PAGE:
There's a scene, early in the book, set in the London Dungeons. Originally that took place in the Dali Universe, which was situated in County Hall. But then the gallery moved out, so I had to change it to a series of empty rooms. Then, just before I was due to hand in my final draft, I heard that the Dungeons were going to move in, so I quickly tweaked the scenes to make reference to this. That's the trouble of using real settings in a book -- unless it's a place that is definitely not going to change any time soon (e.g. a mountain, or a famous old building that is protected by law) then there's always a risk that the world will move on and you'll end up dating your story. I've tried to avoid this as much as I can in my books (it's one of the reasons why I didn't supply any place names in my original vampire books), but with Zom-B it's impossible to avoid, since the city is such an integral part of the plot -- in fact, it's almost a character. I get around it as best I can, but I'm treading on fragile ice all the way -- for instance, there's another scene in the book, set in a skating park on the Southbank, and there's a very good chance that the skaters are going to be moved on to a different location in the very near future. Oh well -- some you win, some you lose! In truth, it doesn't matter too much, as only very observant Londoners will notice the discrepancies over the years to come. Still I do what I can to minimise the risks, in the hope that my books are still going to be read years from now -- if I'm wrong about that, and nobody is reading this series in 5 or 10 years, then it won't be an issue!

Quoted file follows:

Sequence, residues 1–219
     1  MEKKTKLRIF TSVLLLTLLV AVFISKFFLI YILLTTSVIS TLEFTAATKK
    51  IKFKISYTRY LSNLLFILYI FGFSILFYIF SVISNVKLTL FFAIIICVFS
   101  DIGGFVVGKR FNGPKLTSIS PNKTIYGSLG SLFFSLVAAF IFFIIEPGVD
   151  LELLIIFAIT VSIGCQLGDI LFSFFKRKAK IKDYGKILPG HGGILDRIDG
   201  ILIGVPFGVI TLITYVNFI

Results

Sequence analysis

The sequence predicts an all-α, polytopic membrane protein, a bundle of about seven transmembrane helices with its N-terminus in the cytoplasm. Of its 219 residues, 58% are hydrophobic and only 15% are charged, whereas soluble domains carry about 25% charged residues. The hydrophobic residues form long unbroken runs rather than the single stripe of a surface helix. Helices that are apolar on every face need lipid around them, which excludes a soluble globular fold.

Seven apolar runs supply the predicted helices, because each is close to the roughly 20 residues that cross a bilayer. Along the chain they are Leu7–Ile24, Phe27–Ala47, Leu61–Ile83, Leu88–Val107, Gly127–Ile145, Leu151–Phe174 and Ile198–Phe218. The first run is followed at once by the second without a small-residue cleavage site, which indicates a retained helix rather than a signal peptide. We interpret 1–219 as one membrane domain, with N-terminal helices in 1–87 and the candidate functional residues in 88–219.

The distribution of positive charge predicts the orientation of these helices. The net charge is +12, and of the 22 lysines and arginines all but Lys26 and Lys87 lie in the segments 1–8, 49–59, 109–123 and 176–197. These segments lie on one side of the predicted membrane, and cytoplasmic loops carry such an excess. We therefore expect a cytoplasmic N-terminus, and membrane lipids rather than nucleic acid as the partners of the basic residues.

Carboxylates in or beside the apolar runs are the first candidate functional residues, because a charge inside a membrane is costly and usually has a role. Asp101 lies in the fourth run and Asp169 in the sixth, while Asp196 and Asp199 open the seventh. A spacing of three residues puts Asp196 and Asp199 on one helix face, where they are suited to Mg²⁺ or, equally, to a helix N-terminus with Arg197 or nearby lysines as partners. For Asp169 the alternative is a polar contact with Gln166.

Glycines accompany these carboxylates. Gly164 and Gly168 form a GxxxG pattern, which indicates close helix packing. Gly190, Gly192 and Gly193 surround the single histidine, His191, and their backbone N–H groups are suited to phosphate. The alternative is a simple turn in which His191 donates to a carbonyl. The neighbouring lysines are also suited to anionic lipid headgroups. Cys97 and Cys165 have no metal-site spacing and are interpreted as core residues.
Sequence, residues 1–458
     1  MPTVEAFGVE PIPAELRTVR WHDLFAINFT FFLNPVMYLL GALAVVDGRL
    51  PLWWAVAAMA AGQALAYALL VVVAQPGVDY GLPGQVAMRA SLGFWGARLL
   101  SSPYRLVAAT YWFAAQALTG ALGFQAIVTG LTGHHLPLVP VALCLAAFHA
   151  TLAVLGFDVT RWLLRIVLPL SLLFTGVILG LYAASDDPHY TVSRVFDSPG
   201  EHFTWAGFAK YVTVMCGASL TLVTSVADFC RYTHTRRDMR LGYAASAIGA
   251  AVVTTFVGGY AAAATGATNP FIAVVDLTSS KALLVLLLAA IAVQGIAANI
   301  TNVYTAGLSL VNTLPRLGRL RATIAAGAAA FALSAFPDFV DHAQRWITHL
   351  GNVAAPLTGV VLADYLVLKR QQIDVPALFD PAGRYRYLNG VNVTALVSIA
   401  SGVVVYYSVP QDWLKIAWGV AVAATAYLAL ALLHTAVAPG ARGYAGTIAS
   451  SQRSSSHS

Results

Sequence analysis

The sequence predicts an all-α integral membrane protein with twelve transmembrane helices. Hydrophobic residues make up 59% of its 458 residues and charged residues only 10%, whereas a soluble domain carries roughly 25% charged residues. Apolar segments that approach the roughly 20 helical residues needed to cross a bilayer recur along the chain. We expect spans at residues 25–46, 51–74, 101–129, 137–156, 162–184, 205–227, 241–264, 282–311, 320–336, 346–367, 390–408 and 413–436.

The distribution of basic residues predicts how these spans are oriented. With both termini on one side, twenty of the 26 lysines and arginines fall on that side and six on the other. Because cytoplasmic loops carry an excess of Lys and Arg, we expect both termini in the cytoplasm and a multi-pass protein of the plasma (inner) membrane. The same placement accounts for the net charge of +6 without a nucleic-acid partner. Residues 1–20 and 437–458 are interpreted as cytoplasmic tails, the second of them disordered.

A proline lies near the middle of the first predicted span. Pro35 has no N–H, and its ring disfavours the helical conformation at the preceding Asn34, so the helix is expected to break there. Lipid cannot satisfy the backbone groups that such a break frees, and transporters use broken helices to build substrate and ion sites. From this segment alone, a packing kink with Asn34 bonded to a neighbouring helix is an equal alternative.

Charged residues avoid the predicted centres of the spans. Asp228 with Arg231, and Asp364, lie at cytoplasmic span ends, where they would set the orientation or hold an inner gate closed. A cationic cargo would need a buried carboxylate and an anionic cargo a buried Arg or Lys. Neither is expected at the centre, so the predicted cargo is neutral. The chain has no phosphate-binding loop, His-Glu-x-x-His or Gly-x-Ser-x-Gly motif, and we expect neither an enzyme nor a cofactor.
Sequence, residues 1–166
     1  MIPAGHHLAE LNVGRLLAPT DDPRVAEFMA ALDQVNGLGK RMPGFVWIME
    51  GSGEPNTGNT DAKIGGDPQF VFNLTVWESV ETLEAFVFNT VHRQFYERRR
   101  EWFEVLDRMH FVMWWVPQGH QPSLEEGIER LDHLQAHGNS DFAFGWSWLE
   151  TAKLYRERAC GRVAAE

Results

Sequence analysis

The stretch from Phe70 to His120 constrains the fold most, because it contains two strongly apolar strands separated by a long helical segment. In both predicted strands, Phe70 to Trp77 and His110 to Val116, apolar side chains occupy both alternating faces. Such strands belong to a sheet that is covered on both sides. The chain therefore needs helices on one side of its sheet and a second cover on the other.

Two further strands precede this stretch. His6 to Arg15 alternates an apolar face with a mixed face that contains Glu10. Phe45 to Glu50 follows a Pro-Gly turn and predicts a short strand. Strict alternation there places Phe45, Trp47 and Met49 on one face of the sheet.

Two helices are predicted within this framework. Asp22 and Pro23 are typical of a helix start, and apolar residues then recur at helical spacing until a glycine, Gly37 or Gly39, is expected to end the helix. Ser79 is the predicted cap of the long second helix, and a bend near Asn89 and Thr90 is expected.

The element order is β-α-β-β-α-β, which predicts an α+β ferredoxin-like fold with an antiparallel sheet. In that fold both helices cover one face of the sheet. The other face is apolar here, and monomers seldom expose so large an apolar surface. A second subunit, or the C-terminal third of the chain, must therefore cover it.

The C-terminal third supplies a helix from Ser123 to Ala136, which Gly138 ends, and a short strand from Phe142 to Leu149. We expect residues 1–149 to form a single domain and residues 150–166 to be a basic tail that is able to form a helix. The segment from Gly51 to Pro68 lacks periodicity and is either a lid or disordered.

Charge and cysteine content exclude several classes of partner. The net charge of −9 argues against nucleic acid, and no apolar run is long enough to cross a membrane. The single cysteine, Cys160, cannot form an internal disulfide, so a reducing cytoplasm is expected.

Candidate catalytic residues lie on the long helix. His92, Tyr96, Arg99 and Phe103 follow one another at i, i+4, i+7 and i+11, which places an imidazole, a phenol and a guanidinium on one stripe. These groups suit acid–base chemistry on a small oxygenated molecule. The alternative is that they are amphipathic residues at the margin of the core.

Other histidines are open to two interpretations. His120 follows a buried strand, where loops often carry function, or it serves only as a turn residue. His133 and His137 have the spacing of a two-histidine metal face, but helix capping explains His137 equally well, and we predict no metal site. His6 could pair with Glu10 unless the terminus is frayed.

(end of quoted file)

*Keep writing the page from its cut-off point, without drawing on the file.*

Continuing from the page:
I namecheck several areas of London in Zom-B Baby which are personally important to me. There's the Elephant And Castle, which is where I lived when I was a child. Tower Bridge Road gets a mention -- a great-aunt of mine lived just off of it, and I visited her often there over the years. And I used to rent a flat just off of Brick Lane, which is an area B returns to, having originally explored it in Zom-B City.

I think Zom-B Baby moves the story forward nicely. Not a HUGE amount happens, but we get to see more of the supporting cast, and we get to see B start to change and adapt to the world. We see more of what life is like in a city of the undead (including spending some time with a group of zombies). And ultimately the book features some of the most chilling scenes that I've ever written, when the baby of the title makes its appearance.

One last comment -- when the book came out in the UK, it ended up being removed from the shelves of a prominent supermarket. Because books are treated like any other item in a supermarket (e.g. a bottle of milk or a loaf of bread) the staff in those stores aren't aware of the literary differences between a book for a 4 year old and a book for a 14 year old -- hence, all "children's books" tend to be lumped together. This meant that Zom-B Baby ended up being stuck very close to copies of the Peppa Pig books, and angry parents complained that the VERY scary cover was frightening their young ones! I guess that answers the question of who would win in a battle between zombies and Peppa Pig!!!!

Global Cover Variations

  • Book Cover Image Zom-B Chronicles II (usa)
  • Book Cover Image Zom-B Baby UK first draft
  • Book Cover Image Zom-B Baby (Taiwan)
  • Book Cover Image Zom-B Baby UK (WHSmith)
  • Book Cover Image Zom-B Baby (USA)